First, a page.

Lincolnshire Co-op answers Usdaw over its Covid-19 claims

The union and the retailer are exchanging words over staff discounts for furloughed workers

Shopworkers’ trade union Usdaw has accused Lincolnshire Co-operative of removing staff discount from its employees who are furloughed.

It also says the society has failed to fully pay vulnerable staff off work and those who are self-isolating, so they don’t have to survive on Statutory Sick Pay (SSP) of £95.85 per week.

John Gorle, national officer for the union, said: “Usdaw is seeking to improve the response of Lincolnshire Co-op Society to the coronavirus emergency, but regrettably we are coming up against some resistance over a number of issues.

“The society is engaging in some pretty mean-spirited measures, such as removing staff discount for those who opt for furlough rather than being redeployed, paying SSP to those who are self-isolating because they live with someone who has symptoms and refusing to pay staff in the vulnerable category unless they have a letter evidencing their condition.”

Mr Gorle said the union was “deeply concerned that the society is putting profits before public health and staff welfare,” and highlighted that staff should not risk the further spread of Covid-19 because they cannot afford to be off work when they should be.

“In the midst of a national crisis, we have to be working together to get through it and unfortunately this co-op society is not being very co-operative. Shopworkers are on the frontline of feeding the country, providing an essential service in very difficult circumstances, working long hours in busy stores, facing abuse from customers and of course concerned they may contract Covid-19. So we expect employers to treat our retail heroes with dignity and respect.”

A spokesperson for Lincolnshire Co-op said: “We are incredibly grateful to our 3,000 colleagues. It’s one of the reasons we gave all colleagues – whether furloughed or still at work – a colleague bonus equivalent to an extra week’s wages in March. The vast majority of our colleagues also received a pay rise in April, ranging from 2.5% to 7%.

“The coronavirus pandemic will have an enormous impact on our economy. Lincolnshire Co-op’s priority has been to safely maintain as many local jobs as possible and to do our best to protect and support our colleagues who are in work. To do that, we have to take a long-term view and offer a sustainable package of support which can be maintained. We have also talked with our unions and taken legal advice.

“We have a diverse business. Some of our outlets are still open and busy, providing desperately needed services in rural communities. However, some have closed and others face significant challenges in terms of footfall and limits on services.

“We have introduced measures for our colleagues including an advice centre and counselling. We have invested £200,000 in PPE, social distancing and hand-sanitising equipment, and have employed an extra 250 colleagues to support our front-line teams. We’ve also adjusted working hours and practices across the business.”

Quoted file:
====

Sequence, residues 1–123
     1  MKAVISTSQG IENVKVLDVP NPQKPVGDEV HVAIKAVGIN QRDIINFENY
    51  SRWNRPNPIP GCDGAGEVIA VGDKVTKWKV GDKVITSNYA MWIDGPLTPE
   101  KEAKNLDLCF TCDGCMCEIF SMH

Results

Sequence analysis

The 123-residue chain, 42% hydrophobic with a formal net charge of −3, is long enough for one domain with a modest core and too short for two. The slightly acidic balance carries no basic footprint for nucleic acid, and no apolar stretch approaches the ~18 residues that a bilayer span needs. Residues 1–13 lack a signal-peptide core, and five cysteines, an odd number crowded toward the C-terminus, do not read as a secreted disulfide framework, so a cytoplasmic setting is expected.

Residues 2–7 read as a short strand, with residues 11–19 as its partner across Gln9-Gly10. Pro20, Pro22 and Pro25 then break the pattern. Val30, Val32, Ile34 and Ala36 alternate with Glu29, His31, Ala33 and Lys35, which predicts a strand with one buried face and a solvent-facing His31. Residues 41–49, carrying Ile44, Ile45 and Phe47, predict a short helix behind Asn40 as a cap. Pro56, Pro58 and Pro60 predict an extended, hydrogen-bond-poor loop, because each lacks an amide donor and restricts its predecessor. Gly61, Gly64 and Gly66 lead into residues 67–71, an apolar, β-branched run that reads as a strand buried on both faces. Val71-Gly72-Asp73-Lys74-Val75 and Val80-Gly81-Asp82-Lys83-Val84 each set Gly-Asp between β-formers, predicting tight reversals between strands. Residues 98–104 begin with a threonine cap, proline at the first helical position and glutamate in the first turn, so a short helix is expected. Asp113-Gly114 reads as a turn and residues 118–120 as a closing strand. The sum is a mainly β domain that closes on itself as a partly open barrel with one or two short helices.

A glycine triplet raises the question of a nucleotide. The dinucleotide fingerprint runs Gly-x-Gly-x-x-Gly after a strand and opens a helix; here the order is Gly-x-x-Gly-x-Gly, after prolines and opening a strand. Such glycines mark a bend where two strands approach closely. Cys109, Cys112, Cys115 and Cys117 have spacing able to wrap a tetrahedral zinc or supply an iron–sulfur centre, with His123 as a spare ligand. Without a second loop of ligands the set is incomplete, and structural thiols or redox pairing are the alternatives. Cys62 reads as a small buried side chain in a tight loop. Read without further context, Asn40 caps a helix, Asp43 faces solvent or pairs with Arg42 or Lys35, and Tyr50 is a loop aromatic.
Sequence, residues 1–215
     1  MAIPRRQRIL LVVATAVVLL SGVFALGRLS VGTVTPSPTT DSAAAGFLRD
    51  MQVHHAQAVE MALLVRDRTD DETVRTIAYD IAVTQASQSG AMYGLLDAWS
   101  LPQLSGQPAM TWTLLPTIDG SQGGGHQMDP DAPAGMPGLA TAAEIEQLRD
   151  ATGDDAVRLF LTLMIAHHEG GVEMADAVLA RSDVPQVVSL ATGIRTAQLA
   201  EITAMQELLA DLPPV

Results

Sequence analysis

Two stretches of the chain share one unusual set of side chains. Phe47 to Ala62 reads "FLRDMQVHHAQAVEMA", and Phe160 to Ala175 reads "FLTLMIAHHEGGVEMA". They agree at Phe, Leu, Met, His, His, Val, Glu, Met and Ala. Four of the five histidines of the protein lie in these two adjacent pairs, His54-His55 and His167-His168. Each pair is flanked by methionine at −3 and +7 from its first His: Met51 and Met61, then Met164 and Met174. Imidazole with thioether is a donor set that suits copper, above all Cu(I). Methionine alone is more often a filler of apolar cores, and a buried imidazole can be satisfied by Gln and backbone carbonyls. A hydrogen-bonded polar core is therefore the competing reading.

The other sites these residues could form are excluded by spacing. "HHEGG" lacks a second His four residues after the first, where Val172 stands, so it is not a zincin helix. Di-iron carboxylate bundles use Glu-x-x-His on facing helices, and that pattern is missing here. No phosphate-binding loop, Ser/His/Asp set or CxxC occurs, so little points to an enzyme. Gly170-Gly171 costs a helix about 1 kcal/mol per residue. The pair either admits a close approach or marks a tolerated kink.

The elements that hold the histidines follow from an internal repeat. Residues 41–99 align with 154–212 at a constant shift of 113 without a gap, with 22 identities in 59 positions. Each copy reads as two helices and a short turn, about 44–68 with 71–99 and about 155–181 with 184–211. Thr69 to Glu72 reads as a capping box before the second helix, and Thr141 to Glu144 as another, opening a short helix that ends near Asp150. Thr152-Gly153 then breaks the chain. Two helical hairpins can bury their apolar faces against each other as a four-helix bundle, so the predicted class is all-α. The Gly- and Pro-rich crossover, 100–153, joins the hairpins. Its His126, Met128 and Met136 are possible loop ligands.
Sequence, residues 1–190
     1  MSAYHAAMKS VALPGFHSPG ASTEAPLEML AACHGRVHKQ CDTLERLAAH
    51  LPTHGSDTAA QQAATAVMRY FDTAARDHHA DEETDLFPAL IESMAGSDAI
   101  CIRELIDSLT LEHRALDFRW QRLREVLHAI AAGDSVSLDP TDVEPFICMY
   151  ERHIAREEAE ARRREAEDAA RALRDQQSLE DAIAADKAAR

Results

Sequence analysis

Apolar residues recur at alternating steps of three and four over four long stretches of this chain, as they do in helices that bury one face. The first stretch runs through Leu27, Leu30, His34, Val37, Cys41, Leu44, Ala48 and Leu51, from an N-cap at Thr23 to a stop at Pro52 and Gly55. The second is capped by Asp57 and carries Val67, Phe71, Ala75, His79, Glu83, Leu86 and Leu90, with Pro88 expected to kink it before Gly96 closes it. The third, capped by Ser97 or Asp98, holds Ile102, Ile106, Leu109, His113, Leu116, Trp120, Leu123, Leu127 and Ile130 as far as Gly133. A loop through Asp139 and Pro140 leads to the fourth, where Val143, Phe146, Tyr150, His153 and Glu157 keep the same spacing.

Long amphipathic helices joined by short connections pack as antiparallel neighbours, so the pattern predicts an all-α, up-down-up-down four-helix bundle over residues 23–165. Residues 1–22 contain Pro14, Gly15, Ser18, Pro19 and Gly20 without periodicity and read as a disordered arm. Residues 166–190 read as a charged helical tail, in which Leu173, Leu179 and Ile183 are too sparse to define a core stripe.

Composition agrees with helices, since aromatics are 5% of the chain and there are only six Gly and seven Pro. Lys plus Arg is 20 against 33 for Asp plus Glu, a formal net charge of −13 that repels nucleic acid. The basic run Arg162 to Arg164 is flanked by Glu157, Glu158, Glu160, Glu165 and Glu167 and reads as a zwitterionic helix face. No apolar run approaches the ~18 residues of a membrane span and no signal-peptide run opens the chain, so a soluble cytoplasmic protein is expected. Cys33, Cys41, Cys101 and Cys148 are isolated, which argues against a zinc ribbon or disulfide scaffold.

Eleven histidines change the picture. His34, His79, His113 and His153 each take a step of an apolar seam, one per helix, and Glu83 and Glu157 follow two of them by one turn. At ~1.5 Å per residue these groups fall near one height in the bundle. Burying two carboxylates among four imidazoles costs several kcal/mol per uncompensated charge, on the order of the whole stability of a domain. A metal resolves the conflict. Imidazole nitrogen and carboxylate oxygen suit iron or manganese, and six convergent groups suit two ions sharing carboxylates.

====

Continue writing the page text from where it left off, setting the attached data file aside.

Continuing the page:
It has also sought to clarify measures surrounding the discount for furloughed colleagues. It says the colleague discount is paid onto an employee’s dividend card and can be spent on Lincolnshire Co-op services. The amount varies from 5% to 10% depending on the service.

“We have three variations of the furlough scheme – those who have caring responsibilities where those arrangements have broken down, those who are shielding and those colleagues whose work has stopped due to Coronavirus. All furloughed colleagues received the colleague bonus of a week’s extra wage and many have also received a pay increase.

“90 colleagues have been offered furlough as they are not working because of circumstances outside of their control. They will still receive colleague discount.

“Those colleagues whose work has stopped were offered redeployment opportunities in other parts of the business, where they would have maintained their current terms and conditions including the discretionary colleague discount. Forty five people have taken the decision not to do this. We have temporarily suspended the discount as it is designed to be a benefit for colleagues who are in the business – we’d welcome these colleagues back when they wish to return.”

The spokesperson added: “Colleagues who are classed as being extremely vulnerable, with a letter from the NHS, are receiving full pay. To be fair to all our colleagues and for audit purposes, it is important that we evidence this so we ask our colleagues to provide a letter confirming their condition. We have worked with colleagues to help them gather this information.”

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